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Tykocin Castle

Coordinates: 53°12′48″N 22°46′15″E / 53.21333°N 22.77083°E / 53.21333; 22.77083
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Tykocin Royal Castle
General information
Architectural styleGothic Revival
Town or cityTykocin
Construction started1433
Demolished1734, 1771
ClientJonas Goštautas

The Tykocin Royal Castle is a 15th-century castle located on the right bank of the river Narew in Tykocin, Poland. It fell into ruin in the 18th century and its reconstruction began in 2002.[1]


Parade armour of King Sigismund Augustus, made in Nuremberg by Kunz Lochner, 1550s.[2] Livrustkammaren in Stockholm.

The castle – then located on a border area in the Grand Duchy of Lithuania – was built in 1433 for Lithuanian noble Jonas Goštautas, voivode of Trakai and Vilnius, replacing the original wooden fortress.[3] In the 1560s, upon the death of the last member of the Goštautas family the castle became the property of King Sigismund II Augustus, who expanded it.[4] The construction was supervised by Hiob Bretfus, military engineer and royal architect.[4] During the reign of Sigismund Augustus the structure served as a royal residence with an impressive treasury and library as well as the main arsenal of the crown.[5] In 1611–1632 the castle was rebuilt again and surrounded with bastion fortifications by Krzysztof Wiesiołowski, starosta of Tykocin.[5]

During the 1655 Deluge, the Radziwiłł army occupied the castle.[3] On 31 December, 1655, when the castle was besieged by troops of the Tyszowce Confederation, Janusz Radziwiłł, one of the most powerful people in the Polish–Lithuanian Commonwealth considered by some as the traitor, died here.[6][7] Ultimately, the castle was captured on 27 January, 1657.[8]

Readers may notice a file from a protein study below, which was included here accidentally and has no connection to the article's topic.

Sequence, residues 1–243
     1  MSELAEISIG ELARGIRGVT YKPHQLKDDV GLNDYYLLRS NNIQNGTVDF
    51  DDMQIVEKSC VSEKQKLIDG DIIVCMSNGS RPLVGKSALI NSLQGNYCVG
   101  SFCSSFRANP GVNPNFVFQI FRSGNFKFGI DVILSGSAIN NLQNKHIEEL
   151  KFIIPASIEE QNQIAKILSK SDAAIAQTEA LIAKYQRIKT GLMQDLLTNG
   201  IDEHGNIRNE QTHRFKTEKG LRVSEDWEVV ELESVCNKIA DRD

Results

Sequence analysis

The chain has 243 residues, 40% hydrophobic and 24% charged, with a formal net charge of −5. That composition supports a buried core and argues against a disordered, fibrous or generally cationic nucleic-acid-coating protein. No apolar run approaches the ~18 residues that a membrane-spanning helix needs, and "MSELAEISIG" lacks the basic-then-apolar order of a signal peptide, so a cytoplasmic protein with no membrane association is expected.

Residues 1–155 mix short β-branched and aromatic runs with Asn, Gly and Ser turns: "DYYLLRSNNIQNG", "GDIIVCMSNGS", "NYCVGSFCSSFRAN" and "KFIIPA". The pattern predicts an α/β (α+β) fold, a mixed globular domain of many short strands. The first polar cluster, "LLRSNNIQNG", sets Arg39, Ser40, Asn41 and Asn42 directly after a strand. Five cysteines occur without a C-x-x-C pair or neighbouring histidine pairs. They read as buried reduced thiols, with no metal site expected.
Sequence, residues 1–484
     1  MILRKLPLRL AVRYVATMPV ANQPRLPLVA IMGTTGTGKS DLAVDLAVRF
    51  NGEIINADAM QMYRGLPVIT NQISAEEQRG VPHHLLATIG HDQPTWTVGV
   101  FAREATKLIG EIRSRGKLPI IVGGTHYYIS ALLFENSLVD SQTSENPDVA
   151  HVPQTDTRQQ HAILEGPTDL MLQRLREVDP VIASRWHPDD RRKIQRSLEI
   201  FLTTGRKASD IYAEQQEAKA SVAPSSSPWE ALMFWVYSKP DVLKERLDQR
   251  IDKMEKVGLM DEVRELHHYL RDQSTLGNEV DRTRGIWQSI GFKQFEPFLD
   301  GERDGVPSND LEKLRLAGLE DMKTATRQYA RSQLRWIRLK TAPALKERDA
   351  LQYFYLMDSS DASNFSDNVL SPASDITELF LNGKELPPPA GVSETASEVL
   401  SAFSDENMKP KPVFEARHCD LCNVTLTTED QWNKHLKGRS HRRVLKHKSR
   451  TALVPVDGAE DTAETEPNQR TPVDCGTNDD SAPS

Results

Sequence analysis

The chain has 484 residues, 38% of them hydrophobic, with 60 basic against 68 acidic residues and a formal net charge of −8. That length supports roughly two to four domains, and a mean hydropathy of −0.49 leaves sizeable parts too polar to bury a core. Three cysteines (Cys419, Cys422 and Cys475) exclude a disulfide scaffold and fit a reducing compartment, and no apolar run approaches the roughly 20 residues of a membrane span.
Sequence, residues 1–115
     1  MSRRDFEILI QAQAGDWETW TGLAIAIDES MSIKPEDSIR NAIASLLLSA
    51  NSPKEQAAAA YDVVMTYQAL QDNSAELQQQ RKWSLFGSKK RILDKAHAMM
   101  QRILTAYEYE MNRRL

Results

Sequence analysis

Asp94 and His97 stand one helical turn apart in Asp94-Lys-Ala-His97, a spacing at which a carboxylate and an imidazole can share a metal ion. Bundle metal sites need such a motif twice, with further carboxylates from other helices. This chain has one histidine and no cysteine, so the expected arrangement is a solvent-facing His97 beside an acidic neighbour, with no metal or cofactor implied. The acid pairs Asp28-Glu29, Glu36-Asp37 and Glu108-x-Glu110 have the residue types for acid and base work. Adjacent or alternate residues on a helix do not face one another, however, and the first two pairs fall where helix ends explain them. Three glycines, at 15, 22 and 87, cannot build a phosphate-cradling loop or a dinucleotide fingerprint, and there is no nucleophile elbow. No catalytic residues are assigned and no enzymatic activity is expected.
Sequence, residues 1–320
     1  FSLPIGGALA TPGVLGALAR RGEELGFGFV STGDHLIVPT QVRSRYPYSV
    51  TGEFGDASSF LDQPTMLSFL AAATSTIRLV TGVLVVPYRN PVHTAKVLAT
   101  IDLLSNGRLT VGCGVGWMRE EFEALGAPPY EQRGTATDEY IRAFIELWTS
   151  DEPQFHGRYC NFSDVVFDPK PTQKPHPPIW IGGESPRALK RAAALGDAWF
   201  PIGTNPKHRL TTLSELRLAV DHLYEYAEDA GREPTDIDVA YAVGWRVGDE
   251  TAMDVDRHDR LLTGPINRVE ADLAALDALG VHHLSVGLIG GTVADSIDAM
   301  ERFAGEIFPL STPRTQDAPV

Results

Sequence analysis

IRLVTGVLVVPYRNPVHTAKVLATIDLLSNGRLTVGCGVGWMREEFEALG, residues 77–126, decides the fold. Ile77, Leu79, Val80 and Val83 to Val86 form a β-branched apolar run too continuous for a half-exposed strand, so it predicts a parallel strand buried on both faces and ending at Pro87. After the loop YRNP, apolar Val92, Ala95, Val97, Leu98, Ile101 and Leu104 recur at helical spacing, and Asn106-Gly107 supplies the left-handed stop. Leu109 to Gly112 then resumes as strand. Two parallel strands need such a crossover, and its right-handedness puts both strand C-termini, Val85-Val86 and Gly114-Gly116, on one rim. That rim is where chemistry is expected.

In the following years the castle and surrounding lands were donated to Stefan Czarniecki in reward for his contribution in the war.[5] The new owner rebuilt the castle after 1698. In November 1705 the meeting between King Augustus II the Strong and Peter the Great took place here. During this meeting the Order of White Eagle was established by the King of Poland.[5][9]

In 1734 the castle was destroyed by fire.[5] Since that time, the uninhabited building began to fall into disrepair. In 1771 remains of the castle were destroyed by flood and in 1914, during World War I, the material from the remaining walls was used by the German soldiers to build roads.[5]

Inner courtyard

Based on the preserved plans of the fortress, found in the archives in Saint Petersburg, the residential part of the castle has been restored (west wing in the style of late Gothic). The original castle was built on a plan of a trapezoid with a courtyard and four cylindrical towers at the corners.[5] The complex was surrounded with fortifications – curtains combined four terrestrial inner bastions.